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Cache invalidation

Cache invalidation definition

Cache invalidation is a caching process that includes a computer system declaring cached content as invalid or stale, meaning that the content will be removed or replaced, and it will no longer be displayed upon request. The purpose of cache invalidation is to ensure that when the subsequent user requests the said content, they are served with the newest version. In addition, cache invalidation can be used to promote and show new content to end users. Cache invalidation can also help users optimize their websites, use fewer server resources, and decrease the loading times of their web pages. Cache invalidation can be performed explicitly or as part of a cache coherence protocol.

See also: caching proxy, allowlist

Cache invalidation methods

  • Purging: This method removes the invalidated content from the caching proxy instantly. It also removes all versions of the cached content.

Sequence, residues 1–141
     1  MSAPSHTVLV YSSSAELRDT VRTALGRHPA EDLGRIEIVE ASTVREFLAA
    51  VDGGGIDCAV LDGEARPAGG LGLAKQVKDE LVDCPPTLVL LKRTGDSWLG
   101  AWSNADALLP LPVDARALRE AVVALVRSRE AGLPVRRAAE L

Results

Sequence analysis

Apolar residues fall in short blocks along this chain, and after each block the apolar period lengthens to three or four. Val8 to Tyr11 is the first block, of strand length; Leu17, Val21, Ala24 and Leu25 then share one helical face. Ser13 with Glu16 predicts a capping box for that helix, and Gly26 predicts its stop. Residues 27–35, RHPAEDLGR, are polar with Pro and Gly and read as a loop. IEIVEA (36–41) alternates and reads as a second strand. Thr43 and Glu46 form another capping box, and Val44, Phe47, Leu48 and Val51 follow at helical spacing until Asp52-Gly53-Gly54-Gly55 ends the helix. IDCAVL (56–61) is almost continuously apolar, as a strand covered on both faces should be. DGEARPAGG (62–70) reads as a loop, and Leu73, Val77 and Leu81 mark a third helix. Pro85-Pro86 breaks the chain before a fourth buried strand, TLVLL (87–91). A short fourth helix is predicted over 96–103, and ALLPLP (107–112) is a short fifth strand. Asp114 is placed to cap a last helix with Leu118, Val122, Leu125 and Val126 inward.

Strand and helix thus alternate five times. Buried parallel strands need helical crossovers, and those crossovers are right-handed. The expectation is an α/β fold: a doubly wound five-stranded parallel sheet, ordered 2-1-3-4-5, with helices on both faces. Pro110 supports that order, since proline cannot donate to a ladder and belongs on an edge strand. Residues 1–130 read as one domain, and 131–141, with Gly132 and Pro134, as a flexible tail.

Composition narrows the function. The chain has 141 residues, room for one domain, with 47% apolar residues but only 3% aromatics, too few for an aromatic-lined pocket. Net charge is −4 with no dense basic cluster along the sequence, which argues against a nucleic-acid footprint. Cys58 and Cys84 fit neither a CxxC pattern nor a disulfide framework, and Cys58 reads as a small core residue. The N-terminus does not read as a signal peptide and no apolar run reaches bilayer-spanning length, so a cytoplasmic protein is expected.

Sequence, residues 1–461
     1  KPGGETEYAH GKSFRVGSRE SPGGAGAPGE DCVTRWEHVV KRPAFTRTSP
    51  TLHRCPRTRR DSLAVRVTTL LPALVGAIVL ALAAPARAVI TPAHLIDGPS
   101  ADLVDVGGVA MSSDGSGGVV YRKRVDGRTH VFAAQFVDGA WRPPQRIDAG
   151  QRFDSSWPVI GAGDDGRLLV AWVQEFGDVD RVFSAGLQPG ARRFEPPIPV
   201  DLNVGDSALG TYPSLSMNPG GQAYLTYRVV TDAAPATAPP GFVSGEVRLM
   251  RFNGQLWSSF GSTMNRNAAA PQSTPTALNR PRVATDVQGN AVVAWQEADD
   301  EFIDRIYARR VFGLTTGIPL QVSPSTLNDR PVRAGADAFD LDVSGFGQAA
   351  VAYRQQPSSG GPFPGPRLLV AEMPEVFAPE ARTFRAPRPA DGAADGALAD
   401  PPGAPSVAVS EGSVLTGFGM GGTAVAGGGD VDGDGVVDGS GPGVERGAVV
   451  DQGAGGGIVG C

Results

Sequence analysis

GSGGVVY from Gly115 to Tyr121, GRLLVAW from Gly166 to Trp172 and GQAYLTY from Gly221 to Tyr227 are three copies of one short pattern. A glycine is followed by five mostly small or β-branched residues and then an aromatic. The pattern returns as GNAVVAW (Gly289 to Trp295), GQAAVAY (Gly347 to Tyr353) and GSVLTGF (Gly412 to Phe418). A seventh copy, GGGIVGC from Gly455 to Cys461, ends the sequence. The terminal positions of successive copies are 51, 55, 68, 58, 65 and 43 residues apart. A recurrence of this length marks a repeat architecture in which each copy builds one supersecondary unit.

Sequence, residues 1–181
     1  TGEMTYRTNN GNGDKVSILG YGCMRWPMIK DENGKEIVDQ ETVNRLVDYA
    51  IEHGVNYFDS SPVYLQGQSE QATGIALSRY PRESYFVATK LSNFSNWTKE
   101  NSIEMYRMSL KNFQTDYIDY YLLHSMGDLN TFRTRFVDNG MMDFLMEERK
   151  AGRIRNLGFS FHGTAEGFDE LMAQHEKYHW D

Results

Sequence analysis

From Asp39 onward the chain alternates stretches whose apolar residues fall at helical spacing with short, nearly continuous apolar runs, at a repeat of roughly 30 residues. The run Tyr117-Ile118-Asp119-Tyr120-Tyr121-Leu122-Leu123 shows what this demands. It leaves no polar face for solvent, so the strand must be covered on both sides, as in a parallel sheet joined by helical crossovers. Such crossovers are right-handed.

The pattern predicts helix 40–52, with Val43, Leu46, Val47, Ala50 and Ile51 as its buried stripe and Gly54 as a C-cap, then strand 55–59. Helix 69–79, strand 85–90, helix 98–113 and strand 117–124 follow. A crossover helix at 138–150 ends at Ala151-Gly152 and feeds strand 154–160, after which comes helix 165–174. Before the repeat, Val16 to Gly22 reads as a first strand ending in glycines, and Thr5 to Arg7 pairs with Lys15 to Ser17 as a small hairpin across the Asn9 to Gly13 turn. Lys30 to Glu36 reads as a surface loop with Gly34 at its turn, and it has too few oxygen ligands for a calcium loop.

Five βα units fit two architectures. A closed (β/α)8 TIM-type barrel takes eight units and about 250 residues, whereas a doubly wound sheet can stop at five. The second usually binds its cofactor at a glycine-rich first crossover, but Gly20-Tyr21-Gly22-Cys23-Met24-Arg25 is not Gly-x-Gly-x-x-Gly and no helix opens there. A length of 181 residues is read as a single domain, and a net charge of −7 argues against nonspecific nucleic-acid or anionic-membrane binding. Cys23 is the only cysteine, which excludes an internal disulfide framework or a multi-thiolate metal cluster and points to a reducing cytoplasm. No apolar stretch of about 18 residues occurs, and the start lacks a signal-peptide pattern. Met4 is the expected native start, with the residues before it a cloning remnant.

• Refreshing: The requested content is fetched from the application, even if the content is available in the cache. Additionally, the previously stored content in the cache is replaced with the latest version of the application. However, refreshing affects only one variant of the cached content.
  • Banning: This method includes adding a reference of the cached content to a blocklist. Then, user requests are checked against the blocklist, and if they match, the new content from the application is served to the user and added to the cache.